- Oral Psoralen used in PUVA can make some people feel sick. Do tell your Dermatologist if this happens for you, as they may be able to change the type of Psoralen, or prescribe another medication to help you stop feeling sick.
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What Happens During A Light Therapy Procedure
When you undergo light therapy for psoriasis, you will be committing to treatments several times a week. The doctor will typically ask you to come in 3 to 5 times a week for a short duration of ultraviolet light exposure. During these outpatient appointments, the doctor may target your whole body with the UV lights in a booth similar to one at a tanning salon. However, if your plaques are fairly limited to one area of your body, you may receive treatment in which only that part is exposed to the light. In these cases, you may be able to receive your UVB light therapy at home with a portable lamp. Over the course of the 2 to 3 months of treatment, most patients see a quick improvement in the first few weeks. Many patients remain in remission following UV light treatments for 3 months up to a full year.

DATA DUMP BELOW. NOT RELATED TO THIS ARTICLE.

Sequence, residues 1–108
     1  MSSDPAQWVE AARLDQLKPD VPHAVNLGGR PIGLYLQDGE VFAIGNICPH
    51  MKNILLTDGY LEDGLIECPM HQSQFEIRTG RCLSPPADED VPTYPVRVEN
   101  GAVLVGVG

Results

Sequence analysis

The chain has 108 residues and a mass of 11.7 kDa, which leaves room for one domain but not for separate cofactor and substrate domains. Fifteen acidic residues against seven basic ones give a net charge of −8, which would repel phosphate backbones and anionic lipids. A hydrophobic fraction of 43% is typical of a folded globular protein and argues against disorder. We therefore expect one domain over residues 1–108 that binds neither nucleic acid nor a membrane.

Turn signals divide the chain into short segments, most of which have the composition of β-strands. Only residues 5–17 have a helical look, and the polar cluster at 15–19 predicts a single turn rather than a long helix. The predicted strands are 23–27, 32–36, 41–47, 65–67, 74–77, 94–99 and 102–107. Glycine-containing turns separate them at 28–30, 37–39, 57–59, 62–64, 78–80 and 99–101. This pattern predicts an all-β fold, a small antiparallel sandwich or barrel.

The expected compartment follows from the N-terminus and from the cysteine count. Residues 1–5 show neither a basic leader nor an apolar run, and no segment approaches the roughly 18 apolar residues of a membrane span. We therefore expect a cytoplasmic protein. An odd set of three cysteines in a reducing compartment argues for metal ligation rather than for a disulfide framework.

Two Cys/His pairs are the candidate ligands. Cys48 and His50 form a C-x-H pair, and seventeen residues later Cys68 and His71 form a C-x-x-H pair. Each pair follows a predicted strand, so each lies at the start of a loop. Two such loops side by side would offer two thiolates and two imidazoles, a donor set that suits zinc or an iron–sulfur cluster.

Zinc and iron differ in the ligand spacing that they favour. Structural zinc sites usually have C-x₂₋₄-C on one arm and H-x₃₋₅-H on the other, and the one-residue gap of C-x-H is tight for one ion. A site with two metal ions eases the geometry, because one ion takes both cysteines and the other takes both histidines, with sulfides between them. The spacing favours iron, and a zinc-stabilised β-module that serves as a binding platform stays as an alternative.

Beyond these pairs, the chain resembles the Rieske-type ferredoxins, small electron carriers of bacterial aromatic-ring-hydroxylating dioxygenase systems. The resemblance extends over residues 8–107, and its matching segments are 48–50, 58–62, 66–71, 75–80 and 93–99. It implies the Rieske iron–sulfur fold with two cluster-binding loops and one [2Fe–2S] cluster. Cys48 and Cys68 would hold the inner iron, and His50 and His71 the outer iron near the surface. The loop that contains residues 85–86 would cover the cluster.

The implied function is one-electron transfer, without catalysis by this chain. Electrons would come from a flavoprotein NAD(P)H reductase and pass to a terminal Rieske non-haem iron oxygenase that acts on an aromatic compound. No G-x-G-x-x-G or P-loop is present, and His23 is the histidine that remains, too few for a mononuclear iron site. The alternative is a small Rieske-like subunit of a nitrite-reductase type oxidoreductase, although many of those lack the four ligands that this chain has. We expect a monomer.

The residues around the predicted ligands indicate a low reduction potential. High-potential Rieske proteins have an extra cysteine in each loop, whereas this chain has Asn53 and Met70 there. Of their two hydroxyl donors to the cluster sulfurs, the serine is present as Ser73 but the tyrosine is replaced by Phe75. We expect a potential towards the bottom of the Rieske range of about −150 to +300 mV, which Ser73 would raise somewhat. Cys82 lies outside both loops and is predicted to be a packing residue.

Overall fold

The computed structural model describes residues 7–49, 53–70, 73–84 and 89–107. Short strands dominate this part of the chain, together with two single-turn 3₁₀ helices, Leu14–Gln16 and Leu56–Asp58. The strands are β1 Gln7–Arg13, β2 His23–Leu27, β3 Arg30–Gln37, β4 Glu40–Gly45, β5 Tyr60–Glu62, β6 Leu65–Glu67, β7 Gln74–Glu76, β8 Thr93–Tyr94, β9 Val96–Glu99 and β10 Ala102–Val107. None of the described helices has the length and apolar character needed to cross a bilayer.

What Are The Side Effects Of Light Therapy
As compared with other treatment options, light therapy poses fewer side-effects risks. Most people do not experience side effects when they are treated with phototherapy, says Shari Lipner, MD, PhD, an assistant professor of dermatology at Weill Cornell Medicine in New York City. The most common side effect is a mild sunburn reaction, and this is more likely to occur if the person is taking a medication that causes sun sensitivity.
Before receiving light therapy, patients should tell their doctor about any drugs theyre taking. The treatment also may not be an option for people who should avoid sunlight exposure, such as those with lupus.
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How Is Puva Treatment Administered